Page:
Body Sense

SPRING | 2019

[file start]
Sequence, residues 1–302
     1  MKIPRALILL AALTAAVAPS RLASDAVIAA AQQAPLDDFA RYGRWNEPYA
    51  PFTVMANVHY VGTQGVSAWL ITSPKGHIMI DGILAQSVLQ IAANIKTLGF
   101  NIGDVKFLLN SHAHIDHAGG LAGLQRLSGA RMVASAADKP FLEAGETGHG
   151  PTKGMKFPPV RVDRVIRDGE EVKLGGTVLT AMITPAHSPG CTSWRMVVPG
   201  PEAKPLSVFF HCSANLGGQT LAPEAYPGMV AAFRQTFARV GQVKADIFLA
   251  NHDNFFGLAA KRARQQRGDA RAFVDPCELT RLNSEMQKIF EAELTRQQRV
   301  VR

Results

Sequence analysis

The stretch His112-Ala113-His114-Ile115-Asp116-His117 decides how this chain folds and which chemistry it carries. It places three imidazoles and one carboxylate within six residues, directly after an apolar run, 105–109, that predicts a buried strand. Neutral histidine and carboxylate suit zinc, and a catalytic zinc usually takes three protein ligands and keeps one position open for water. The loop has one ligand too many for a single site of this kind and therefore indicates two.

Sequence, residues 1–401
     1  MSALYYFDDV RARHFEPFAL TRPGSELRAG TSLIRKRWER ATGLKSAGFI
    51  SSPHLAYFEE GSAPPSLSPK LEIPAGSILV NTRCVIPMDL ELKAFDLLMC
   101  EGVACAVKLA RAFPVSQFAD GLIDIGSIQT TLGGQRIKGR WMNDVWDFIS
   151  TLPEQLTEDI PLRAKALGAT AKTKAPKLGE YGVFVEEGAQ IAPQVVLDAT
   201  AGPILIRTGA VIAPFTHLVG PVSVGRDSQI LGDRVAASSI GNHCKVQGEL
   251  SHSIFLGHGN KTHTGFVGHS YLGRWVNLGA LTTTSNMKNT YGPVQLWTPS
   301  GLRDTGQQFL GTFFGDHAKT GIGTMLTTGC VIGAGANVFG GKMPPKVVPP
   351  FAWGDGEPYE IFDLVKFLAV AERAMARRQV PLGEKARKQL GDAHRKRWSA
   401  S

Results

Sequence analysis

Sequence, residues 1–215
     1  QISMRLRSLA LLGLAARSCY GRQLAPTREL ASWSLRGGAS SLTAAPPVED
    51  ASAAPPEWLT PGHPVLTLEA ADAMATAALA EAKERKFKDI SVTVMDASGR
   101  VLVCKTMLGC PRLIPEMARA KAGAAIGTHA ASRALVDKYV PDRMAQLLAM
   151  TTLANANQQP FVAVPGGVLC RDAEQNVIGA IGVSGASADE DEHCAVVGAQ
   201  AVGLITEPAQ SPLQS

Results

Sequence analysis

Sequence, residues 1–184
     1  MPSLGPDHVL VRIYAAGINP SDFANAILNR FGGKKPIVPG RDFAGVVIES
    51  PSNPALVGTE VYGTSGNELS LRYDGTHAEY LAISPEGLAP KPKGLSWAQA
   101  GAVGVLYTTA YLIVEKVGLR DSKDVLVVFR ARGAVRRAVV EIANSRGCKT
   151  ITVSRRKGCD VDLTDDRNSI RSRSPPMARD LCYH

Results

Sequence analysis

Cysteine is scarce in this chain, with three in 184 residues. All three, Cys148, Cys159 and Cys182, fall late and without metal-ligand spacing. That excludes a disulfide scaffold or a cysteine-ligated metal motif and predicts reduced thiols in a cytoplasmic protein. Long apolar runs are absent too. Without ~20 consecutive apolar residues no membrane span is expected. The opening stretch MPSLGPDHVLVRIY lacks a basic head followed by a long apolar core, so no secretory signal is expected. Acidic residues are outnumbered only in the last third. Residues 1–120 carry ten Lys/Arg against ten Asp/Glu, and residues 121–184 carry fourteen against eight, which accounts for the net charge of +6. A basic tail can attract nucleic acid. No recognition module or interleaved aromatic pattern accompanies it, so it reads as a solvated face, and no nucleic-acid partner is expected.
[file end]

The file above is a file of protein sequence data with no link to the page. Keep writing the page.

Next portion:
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Page 13 of 16—your resource for all things bodywork 13 The trapezius is a large, powerful muscle that covers a kite-shaped area, extending from the base of the skull downward over the upper spine and laterally to the clavicle and scapula. The trapezius can be divided into three distinct sections: upper, middle, and lower. The lower fibers are often weak and underutilized and the upper fibers are often tight and overutilized for lifting, carrying, and pulling, as well as maintaining a forward- head posture. This contributes to what massage therapists commonly see in their clients: elevated shoulders. Additionally, prolonged "kyphotic" posturing, such as occurs with driving and computer work, may lead to further problems. Lengthening of these shortened muscles is essential to relieving pain. Here's how: UPPER TRAPEZIUS STRETCH 1. Begin seated or standing. 2. Inhale as you lift your head up, reaching the crown of your head toward the sky. 3. Exhale and tip your head toward your shoulder. 4. Rest your hand on your head, staying relaxed as you gently pull your head toward your shoulder to increase the stretch. 5. Return to center and repeat on other side. Christy Cael is a licensed massage therapist and certified strength and conditioning specialist. She is the author of Functional Anatomy: Musculoskeletal Anatomy, Kinesiology, and Palpation for Manual Therapists (Lippincott Williams & Wilkins, 2009). Stretch the Trapezius By Christy Cael

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